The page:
Tuesday, July 12, 2016

Michael Pearce, Dimitri and the One Legged Woman

Michael Pearce, Dimitri and the One Legged Woman
Originally published in hardcover by HarperCollins Publishers Ltd, 1999.

In the late 1890s, Dimitri Kameron, a lawyer in Krusk (and now Deputy Procurator) becomes involved in the investigation of the disappearance an icon--of the One-Legged Lady.  The disappearance comes during a famine in Tula (and surrounding villages), and demonstrations (which have attracted the interest of Volkov and the Corps of the Gendarmes--the Cossacks).  Dimitri wants to resolve the disappearance of the icon and forestall any attack by the Cossacks on the villagers. 

He's an appealing character--a "modernist," who believes the Law (capital L) has to be independent of the Tsar, and of the aristocracy, and especially of the Cossacks.  (More than 100 years later...well, Vladimir Putin.)  The second (and so far final) book featuring Dimitri (the first was 1997’s Dimitri and the Milk Drinkers), and Pearce clearly understands the time and the society in which he has set these stories.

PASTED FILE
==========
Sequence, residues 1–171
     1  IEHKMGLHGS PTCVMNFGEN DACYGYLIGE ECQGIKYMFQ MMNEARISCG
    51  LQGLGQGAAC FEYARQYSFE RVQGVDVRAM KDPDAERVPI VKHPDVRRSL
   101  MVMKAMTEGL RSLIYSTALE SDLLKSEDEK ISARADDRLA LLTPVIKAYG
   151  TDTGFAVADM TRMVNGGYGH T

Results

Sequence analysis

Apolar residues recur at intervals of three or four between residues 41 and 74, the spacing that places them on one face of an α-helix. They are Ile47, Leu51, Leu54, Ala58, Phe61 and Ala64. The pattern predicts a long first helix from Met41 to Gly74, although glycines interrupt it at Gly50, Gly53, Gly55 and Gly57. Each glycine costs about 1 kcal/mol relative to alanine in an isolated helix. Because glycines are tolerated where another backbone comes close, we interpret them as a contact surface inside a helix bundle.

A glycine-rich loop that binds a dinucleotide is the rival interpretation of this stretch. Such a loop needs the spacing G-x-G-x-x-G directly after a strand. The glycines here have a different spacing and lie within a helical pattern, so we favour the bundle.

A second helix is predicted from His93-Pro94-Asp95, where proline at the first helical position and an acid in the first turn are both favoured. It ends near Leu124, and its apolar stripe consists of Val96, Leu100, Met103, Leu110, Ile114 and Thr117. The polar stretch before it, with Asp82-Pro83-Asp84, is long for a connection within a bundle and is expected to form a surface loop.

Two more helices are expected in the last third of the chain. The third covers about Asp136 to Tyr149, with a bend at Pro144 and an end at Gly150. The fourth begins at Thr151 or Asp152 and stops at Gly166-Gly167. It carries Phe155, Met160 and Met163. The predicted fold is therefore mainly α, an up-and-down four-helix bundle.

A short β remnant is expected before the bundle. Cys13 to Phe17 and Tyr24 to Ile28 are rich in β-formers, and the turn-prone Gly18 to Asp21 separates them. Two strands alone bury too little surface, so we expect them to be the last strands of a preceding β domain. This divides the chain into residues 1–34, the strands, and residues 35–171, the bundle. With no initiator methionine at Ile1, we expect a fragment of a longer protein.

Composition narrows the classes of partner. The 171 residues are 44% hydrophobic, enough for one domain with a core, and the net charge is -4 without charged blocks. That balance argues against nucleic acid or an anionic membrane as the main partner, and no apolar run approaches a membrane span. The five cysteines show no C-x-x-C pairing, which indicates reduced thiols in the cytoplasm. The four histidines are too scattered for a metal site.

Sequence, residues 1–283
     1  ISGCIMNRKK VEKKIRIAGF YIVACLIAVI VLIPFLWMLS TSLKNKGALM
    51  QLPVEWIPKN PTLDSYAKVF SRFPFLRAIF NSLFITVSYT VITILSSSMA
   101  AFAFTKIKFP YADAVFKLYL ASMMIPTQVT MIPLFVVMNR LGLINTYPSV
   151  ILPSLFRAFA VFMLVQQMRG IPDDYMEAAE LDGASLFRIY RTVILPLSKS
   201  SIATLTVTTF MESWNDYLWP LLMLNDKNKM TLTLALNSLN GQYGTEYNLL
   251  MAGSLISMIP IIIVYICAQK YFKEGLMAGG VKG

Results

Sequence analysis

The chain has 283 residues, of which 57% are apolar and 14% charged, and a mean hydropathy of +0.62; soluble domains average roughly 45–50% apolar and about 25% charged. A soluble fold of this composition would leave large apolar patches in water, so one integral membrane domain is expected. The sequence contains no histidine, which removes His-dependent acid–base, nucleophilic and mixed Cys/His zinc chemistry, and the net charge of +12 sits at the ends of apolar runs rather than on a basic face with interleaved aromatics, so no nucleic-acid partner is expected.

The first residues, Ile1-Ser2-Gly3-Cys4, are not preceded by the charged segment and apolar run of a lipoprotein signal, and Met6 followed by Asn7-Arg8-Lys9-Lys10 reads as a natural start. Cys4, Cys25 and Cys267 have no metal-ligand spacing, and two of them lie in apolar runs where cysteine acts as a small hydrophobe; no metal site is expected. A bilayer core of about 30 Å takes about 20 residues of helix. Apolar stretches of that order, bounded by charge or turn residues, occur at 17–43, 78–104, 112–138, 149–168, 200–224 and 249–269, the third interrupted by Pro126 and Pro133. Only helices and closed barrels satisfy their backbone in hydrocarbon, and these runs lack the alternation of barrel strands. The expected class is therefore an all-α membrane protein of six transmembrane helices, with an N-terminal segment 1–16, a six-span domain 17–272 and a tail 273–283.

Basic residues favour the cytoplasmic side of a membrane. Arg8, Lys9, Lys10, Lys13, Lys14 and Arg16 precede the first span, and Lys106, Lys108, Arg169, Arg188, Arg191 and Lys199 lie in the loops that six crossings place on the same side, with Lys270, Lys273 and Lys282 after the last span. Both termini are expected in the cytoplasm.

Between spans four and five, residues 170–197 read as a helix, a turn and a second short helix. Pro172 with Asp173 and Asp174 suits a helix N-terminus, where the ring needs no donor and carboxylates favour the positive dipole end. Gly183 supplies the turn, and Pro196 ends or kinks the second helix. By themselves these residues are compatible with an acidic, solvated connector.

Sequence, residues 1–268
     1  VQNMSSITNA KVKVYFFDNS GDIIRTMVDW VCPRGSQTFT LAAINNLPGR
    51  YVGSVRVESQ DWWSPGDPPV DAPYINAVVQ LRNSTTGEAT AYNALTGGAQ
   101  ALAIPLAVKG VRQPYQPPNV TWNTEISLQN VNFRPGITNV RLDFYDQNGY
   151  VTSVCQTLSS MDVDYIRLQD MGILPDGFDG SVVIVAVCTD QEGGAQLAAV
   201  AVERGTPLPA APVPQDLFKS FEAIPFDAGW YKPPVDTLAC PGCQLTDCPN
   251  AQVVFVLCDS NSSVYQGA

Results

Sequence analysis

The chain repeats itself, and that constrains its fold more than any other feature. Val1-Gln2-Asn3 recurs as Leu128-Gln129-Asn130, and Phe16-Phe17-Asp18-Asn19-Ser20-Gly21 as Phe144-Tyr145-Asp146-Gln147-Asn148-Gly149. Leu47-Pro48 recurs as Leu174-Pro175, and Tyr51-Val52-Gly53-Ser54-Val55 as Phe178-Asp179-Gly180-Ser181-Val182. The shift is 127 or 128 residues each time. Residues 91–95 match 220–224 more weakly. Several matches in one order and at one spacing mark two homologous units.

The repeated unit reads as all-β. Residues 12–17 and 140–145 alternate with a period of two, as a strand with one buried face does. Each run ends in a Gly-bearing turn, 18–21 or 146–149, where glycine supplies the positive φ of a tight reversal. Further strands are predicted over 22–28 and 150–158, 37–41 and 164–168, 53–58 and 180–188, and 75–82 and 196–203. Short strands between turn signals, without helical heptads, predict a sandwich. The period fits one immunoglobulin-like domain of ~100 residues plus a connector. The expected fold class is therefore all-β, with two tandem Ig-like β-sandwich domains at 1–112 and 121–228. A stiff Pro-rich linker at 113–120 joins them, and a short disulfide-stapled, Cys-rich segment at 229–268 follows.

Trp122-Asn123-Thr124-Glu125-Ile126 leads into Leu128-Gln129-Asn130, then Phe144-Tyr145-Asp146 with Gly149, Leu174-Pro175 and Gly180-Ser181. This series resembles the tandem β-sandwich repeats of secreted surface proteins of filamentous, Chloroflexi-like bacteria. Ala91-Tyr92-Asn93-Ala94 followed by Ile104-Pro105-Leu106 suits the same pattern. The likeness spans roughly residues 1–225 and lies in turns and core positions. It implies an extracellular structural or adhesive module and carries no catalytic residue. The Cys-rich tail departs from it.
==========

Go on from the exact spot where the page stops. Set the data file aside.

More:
The mystery element is fairly slight, but the issue of the rule of law is pretty central to most mystery novel.  These books are no longer in print, and may not be easy to find, but they are worth the effort.

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